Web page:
“Processed foods are unhealthy for a variety of reasons not just the salt content. By lowering the salt content they may try to keep the flavor by adding other chemicals or fat.”

    That is another good reason not to mandate limits of sodium in processed or restaurant foods. I, too, think the focus should be on such things as education; voluntary efforts, such as the National Salt Reduction Initiative, started by New York City Mayor Michael Bloomberg; and support of local farmers’ markets.

  • Kelly 05/08/2010, 12:07 am

    I don’t know if health legislation is the best solution either. Processed foods are unhealthy for a variety of reasons not just the salt content. By lowering the salt content they may try to keep the flavor by adding other chemicals or fat.

    There should be greater education on the importances of eating whole foods like fruits, vegetables and whole grain foods.
    .-= Kelly @ Impowerage´s last blog ..Senior’s Twitter Guide: Part 3 | Finding and Getting Followers =-.

  • Madeleine Kolb 05/06/2010, 11:20 am

    Jenny, Packing your lunch is a great idea. I used to do this at my last job, although it was mostly to use the time to work out on a treadmill. It makes sense for lots of reasons, one being that salt is not the only ingredient to consider. There’s also the amount and type of fat and the amount of sugar. When you cook at home or pack lunches, you can prepare food that’s healthful for the whole family. Fortunately, I haven’t noticed bloating when I do eat fast-food.

  • Jenny Hones 05/06/2010, 10:11 am

    Hi Madeleine,
    Like Angela, recently I attended a seminar and we were given only 30 minutes to have lunch because after a consensus we all decided that priority was to get home to beat traffic. Fortunately, I packed my lunch. The others had no other option but fast food. I think a good way to control diet is to plan which can be difficult for those with busy schedules.
    I believe salt is addictive, because I crave it. Growing up on a Japanese diet, we consume a lot of salt through soy sauce and other ingredients. But, because I have many mouths to feed I cook at home all the time. When we do go out for Asian food I can tell the salt intake is high because my hands become bloated. Have you noticed this too?
    .-= Jenny Hones´s last blog ..Children’s Day and Symbolism =-.

  • Madeleine Kolb 05/06/2010, 7:44 am

    My wok gets quite a workout. My BF is glad that he took the hint about getting me one for my birthday two years ago. (Guys who don’t cook need very specific hints in terms of the specs for kitchen ware.)

    And, yes, it’s nearly impossible to eat healthy when you’re eating out. It’s so hard if you’re traveling or attending a seminar or otherwise unable to cook for yourself for a time. Perhaps if we, as individual consumers, were to give feedback to some of the restaurants, it would help.

  • Angela Artemis 05/04/2010, 5:52 pm

    Madeleine, Yes I have a wok and love cooking in it. I know – isn’t it great to have fresh veggies to saute?

  • Angela Artemis 05/04/2010, 5:49 pm

    Madeleine, I’ve had a house guest for the last 4 days while we both attended a seminar. The seminar starts at 9 and doesn’t end until 7 so by the time we get back to my house every evening it’s at least 8 o’clock. We’ve been eating every meal out except for breakfast. Oh my god! Even though I’ve been picking the healthiest foods on the menus I was brushing my teeth last night when I thought I heard a drum. It was no drum! I was hearing my blood pressure. I don’t understand why restaurants over salt their food. I’m happy to have my friend here, but honestly I cannot wait to have the time to cook again!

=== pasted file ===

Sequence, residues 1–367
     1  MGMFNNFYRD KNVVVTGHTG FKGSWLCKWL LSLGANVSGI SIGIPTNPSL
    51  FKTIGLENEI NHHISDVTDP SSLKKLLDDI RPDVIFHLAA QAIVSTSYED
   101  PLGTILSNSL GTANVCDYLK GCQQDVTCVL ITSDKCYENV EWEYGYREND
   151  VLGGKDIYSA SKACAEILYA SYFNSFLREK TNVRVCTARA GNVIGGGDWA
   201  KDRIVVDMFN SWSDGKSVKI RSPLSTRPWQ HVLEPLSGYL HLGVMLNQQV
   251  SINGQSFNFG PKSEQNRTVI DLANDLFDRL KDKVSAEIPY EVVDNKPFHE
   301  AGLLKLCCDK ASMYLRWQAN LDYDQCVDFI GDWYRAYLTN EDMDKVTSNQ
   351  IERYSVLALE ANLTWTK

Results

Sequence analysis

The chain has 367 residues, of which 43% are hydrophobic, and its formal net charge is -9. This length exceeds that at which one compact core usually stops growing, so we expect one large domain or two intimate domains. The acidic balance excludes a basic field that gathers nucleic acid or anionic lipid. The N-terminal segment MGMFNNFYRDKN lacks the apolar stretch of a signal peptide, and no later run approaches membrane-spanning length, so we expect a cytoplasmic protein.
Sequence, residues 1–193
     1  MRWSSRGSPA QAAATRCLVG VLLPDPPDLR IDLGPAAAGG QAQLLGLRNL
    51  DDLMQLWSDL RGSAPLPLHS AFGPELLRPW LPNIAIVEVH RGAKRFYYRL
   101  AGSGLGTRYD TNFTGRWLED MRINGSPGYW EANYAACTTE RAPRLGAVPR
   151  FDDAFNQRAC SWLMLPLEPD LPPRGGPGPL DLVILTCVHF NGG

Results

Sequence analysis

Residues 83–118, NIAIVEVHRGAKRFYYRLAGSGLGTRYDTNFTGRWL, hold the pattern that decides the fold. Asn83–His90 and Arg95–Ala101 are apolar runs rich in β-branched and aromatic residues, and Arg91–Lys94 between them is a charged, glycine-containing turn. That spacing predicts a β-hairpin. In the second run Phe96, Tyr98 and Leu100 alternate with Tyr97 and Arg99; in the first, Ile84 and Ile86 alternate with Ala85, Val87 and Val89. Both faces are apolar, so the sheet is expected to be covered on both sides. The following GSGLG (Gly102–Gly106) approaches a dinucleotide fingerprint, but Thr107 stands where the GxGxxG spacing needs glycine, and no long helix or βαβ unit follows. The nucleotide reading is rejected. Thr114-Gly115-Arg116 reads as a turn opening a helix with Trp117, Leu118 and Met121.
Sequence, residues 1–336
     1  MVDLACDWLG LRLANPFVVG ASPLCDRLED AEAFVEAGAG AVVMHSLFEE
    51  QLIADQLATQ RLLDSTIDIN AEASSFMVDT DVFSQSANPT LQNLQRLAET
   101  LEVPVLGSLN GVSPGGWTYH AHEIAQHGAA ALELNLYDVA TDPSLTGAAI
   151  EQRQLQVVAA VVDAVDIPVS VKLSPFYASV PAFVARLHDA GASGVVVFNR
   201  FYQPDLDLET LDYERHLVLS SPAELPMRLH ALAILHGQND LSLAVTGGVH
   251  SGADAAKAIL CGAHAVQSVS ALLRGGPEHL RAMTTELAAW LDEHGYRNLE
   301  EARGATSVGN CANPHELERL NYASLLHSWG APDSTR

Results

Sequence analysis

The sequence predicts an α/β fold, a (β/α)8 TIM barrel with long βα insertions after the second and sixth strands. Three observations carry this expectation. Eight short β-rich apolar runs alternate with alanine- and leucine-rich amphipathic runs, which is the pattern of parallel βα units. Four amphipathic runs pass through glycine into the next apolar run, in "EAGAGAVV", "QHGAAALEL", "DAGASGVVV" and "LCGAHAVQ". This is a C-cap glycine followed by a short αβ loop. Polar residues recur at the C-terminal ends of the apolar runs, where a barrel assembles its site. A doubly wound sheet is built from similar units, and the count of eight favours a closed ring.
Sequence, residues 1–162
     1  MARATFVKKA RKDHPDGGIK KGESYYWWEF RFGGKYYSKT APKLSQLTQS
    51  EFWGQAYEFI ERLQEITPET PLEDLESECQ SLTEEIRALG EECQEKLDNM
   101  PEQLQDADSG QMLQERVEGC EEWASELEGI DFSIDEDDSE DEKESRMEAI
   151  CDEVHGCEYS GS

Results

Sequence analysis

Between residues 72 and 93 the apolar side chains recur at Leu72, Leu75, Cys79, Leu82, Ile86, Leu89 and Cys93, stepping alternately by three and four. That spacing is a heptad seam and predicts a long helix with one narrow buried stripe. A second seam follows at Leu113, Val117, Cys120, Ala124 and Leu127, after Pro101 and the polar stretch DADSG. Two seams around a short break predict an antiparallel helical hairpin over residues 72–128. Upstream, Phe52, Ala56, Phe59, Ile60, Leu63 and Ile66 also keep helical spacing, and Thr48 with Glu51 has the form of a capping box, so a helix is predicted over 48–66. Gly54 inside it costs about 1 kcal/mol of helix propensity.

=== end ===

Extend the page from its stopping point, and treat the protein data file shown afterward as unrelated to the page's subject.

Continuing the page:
.-= Angela Artemis´s last blog ..A Meditation on Meditating =-.

  • Madeleine Kolb 04/29/2010, 10:51 am

    Justin, I agree that legislation, especially as recommended in the Institute of Medicine report, is not the answer to this problem. However, government is not limited to legislation. I learned just yesterday that Michael Bloomberg, Mayor of New York City, has started a National Salt Reduction Initiative. Already 16 companies, including Starbucks and Heinz, have pledged to voluntarily cut salt in some of their products. This sounds promising!

  • Madeleine Kolb 04/28/2010, 10:10 am

    You’re absolutely right. Cooking healthful food at home is so important to preventing or managing high blood pressure, type 2 diabetes, and other conditions. It’s also a significant money-saver. I cook a healthful, tasty meal nearly every night for myself and my BF and really enjoy our dinners together.

    By the way, Angela, have you cooked with a wok? I got one about a year ago, and I love it. When the farmers’ markets open up, that wok will get lots of use.

  • Justin Dixon 04/28/2010, 10:05 am

    Personally there is little that I trust legislation to accomplish, rather we need people to become aware of what they are eating, and what tasty options there are. Best way I can think of this is to start on the community level by holding a pot luck of healthy foods.
    .-= Justin Dixon´s last blog ..Life Doesn’t Come in Easy: Why That’s a Good Thing =-.

  • Angela Artemis 04/27/2010, 5:43 pm

    Hi Madeleine,
    You bring up another important topic here. Sodium content is extremely high in the American diet. I can’t tell you how many people I know in their 40s who have high blood pressure and are on medication for it. When I ask them what they’re eating – it’s obvious why their blood pressure is sky high. A steady diet of take-out food will kill you for sure.

    I’m so grateful that my mother was so health conscious and taught us to eat right and COOK!
    .-= Angela Artemis´s last blog ..Earth Day or Urgent Day? =-.